I know she’s made the right choices and is walking her right pathway. And once again ARTbop has given me the privilege of meeting and conversing with a wonderful, talented member of the New Zealand creative community.  

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Mashlan’s current promotional tour which coincides with New Zealand Music month takes in Tauranga tomorrow night (8th May) at The Jam Factory. “A great night out at the Jam Factory 19 year old Sophie Mashlan is still a fresh face in the New Zealand folk scene but has been rapidly gaining attention for her enchanting performances and evocative songs. Primarily taking influence from the folk genre, she is forging her own sound, with a mixture of elements from pop, country and alternative. Sophie is an avid performer, opening for major artists including Vance Joy, Donavon Frankenreiter, Graham Candy and Joshua Radin.   Starting off her first own national tour at the age of 17, she has proven herself an avid performer and has since featured in festivals such as the Auckland Folk Festival. Doors open at 6.30pm for 7pm”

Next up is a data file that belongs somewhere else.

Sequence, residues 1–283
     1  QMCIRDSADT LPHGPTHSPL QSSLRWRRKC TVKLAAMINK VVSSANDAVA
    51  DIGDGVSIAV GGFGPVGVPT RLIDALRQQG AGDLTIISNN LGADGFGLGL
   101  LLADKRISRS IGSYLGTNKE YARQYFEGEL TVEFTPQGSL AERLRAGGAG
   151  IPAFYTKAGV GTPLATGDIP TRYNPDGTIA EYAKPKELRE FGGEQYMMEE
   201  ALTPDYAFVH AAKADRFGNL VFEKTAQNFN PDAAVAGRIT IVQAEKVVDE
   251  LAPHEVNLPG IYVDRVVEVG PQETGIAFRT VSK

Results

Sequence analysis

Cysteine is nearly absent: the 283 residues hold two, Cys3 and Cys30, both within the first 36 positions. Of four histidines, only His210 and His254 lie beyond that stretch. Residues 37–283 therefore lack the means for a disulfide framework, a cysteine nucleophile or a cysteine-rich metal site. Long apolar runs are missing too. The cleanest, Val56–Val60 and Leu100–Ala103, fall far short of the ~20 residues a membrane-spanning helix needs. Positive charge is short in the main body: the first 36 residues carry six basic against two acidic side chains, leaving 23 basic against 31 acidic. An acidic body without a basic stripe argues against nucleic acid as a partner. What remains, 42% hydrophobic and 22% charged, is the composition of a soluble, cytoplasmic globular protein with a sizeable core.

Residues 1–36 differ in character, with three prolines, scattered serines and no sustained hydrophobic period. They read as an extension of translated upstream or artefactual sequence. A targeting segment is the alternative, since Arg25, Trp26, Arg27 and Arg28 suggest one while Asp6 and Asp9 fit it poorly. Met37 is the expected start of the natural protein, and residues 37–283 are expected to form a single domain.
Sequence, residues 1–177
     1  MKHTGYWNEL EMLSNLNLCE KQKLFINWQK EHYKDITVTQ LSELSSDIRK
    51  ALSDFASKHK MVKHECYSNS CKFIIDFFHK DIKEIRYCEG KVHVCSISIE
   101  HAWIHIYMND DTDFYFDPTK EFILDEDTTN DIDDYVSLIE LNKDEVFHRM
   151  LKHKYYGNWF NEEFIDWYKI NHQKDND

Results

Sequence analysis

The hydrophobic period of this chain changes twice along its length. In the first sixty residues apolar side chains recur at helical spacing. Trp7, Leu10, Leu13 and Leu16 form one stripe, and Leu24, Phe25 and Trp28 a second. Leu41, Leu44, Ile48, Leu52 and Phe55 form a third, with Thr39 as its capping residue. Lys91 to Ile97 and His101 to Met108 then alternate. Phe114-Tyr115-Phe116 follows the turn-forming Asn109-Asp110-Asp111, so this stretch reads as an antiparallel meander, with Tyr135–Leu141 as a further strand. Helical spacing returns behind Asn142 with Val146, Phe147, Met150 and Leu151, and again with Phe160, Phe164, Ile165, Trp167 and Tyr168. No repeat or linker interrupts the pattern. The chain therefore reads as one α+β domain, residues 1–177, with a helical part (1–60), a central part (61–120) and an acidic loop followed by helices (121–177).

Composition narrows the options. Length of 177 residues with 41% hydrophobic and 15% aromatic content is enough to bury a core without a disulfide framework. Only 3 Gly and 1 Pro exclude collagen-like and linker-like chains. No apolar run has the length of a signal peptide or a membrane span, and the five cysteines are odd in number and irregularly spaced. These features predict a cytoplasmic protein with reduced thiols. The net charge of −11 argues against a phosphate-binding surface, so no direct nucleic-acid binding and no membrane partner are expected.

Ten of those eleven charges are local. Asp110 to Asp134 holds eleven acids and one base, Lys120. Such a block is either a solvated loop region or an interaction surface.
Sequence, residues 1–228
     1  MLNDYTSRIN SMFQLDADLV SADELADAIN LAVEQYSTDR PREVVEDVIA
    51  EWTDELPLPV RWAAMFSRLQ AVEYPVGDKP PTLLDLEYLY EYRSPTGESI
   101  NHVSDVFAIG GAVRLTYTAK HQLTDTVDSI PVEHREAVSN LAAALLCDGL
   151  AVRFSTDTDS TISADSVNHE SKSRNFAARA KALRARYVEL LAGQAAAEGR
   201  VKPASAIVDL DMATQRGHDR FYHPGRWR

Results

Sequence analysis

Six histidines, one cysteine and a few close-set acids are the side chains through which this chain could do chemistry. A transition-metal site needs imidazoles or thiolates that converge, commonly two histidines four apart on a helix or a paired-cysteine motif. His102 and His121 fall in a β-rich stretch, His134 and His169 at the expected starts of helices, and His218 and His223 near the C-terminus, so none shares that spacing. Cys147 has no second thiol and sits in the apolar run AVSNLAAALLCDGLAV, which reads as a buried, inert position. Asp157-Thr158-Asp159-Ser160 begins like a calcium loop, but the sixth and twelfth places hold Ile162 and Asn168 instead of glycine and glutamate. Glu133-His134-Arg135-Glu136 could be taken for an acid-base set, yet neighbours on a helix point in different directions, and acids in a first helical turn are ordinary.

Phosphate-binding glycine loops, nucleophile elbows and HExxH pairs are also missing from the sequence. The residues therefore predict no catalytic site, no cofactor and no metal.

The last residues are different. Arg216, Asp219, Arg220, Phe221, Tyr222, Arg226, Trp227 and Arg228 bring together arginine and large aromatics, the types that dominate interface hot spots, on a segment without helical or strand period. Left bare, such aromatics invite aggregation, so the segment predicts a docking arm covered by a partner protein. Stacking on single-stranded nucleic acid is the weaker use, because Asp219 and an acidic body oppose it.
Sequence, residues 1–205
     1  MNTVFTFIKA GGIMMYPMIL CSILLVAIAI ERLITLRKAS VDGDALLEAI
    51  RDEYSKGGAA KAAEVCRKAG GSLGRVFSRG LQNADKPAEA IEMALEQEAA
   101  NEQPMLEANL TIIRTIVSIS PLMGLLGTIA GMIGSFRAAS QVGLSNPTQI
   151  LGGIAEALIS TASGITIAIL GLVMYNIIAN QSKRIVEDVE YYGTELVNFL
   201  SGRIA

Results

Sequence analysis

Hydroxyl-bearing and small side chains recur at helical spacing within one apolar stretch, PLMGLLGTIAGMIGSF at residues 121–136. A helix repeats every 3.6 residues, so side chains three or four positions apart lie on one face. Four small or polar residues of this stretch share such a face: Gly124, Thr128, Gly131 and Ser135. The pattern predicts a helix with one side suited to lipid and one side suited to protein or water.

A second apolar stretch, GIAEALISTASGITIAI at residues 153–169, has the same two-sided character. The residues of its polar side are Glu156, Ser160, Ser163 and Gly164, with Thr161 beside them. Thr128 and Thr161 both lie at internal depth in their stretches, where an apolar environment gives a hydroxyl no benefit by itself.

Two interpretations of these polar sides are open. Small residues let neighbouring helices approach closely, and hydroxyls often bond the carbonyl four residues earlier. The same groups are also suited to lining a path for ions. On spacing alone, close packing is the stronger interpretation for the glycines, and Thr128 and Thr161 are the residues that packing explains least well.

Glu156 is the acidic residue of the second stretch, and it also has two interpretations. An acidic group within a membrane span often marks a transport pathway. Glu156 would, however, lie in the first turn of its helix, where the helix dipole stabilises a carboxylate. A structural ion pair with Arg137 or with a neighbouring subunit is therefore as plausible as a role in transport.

Then she’s off to Napier to support Julia Deans; down to Oamaru, Queenstown, Christchurch and Dunedin. (She’s already done Auckland and Hamilton).

I’m including a selection of the YouTube conversations and performances Mashlan has already undertaken.   There is the opportunity for some door sales tomorrow at The Jam Factory. I’d recommend you go.

     And an article in Hawkes Bay Today              

Rosemary Balu.           Rosemary Balu is the founding and current Managing Editor of ARTbop. Rosemary has arts and law degrees from the University of Auckland. She has been a working lawyer and has participated in a wide variety of community activities where information gathering, submission writing, community advocacy and education have been involved. Interested in all forms of the arts since childhood Rosemary is focused on further developing and expanding multi-media ARTbop as the magazine for all the creative arts in the Bay of Plenty, New Zealand.